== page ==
By Darren Eliot -
The changing culture of hitting in the NHL continues to evolve before our very eyes. From “picking the head”, to “the head as the principal point of contact”, to “significant head contact” to what we’re witnessing in these NHL playoffs. If you take the interference hit by Eric Gryba of the Ottawa Senators, charging hit by Justin Abdelkader of the Detroit Red Wings and the boarding call in overtime by Daniel Sedin of the Vancouver Canucks, you have a snapshot of how things have changed.
Both Gryba and Abdelkader received two-game suspensions and Sedin’s penalty led to a power-play goal by the San Jose Sharks to clinch the series win. Suspensions and calls in overtime in crucial situations have long been meted out sparingly. That is no longer the case, as the NHL – much like the NFL – moves player safety issues to the top of the priority list. Both sports have physical play at the center of competition, with violent collisions as a routine possibility. The NFL has long put the burden of discretion on the defender by restricting hits in certain situations.
Hockey history has always put the burden of awareness on the offensive player, not the player without the puck. Playing with your head up is necessary to make plays to teammates, but also to account for defenders in position to disrupt a play with physical force. Clearly, with the calls on the ice and the supplemental discipline handed down from the NHL offices, the paradigm is shifting in our game.
The player in position to deliver a check now has the burden of discretion.
Taking advantage of an unsuspecting opponent is no longer explained away by “that was a suicide pass”, or “he had his head down” and “he should have braced for the hit”.
Those explanations or views were all trotted out in analyzing and debating the three earlier examples. They are now archaic. The vulnerable player is no longer at fault. It is up to the player bearing down to use discretion and control the violent nature of the potential contact. This all stems from the societal concern over concussions and head trauma sustained in sports. Thus, the NHL is looking to eliminate injuries by adding an element of control in the fastest and at times most chaotic playing environment in all of sports. It is why the outcome – a player being injured – factors greatly in supplemental reviews.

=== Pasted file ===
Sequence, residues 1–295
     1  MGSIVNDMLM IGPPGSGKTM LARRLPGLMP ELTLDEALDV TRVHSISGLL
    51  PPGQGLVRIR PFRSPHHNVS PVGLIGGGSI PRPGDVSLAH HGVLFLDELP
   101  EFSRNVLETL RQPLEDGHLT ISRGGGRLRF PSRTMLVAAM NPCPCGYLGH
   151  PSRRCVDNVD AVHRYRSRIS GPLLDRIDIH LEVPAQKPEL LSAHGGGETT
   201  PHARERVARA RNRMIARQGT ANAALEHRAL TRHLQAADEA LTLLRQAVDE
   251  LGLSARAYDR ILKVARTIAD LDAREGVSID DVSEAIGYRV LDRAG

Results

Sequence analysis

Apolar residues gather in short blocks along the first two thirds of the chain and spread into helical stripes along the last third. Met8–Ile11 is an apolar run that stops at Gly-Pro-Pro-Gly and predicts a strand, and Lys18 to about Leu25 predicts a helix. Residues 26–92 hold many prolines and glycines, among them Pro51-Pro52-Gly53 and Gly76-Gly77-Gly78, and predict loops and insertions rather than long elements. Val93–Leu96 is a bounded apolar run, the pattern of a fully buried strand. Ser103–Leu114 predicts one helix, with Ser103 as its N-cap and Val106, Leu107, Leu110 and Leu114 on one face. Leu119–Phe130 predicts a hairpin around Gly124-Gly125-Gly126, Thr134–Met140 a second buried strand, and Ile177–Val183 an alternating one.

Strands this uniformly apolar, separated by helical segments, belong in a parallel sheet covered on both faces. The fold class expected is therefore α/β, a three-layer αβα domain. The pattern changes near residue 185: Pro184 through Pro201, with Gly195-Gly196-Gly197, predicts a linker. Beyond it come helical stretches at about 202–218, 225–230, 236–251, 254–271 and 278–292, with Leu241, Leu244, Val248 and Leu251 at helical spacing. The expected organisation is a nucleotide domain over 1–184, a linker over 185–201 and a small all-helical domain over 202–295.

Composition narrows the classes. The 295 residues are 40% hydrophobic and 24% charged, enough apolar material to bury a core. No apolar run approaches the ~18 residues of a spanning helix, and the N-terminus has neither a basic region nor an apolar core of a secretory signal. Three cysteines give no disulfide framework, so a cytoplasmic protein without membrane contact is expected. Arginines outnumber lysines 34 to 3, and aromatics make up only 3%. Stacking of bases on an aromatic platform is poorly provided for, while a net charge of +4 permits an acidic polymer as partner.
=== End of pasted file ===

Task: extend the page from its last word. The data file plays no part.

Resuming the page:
Even if this shift in responsibility seems radical, it makes sense. In the “keep your head up” era, offenses were faster than defenses. Back-checking meant you paced yourself back to your zone, as in “I’ve go my guy”. It wasn’t the furious footrace back to your zone to defend as a unit of five like it is today. Add in that today’s players skate better – top to bottom of every roster – and that the athletes are bigger, stronger and supremely conditioned and we now have defenses that play faster than the offense. This increases the potential for devastating hits exponentially over time.
The result is that the onus for a safe environment now falls on the faster side, the players without the puck – the defenders. The puck-optional “blowing a guy up” hit is too risky for a league trying to promote speed and skill on the offensive side of the game, while keeping the playing environment safe to create. It cannot be viewed as it was. Like turning your back to protect the puck along the boards – once a hockey no-no, now an every shift “puck-possession” strategy – strategies change and so to must attitudes.
With change, especially a cultural shift of this magnitude, comes shades of gray. One aspect that the NHL needs to look at to clear up the gray is having the checking player make his first move to the puck with his stick. Contact would then be delivered lower and through the puck carrier. By splitting the attention of the checking player, the potential violence of a collision would be mitigated by allowing the puck carrier a moment to recognize the situation, brace, protect the puck and engage in a one-on-one battle.
After all, in every era, that is what the game comes down to.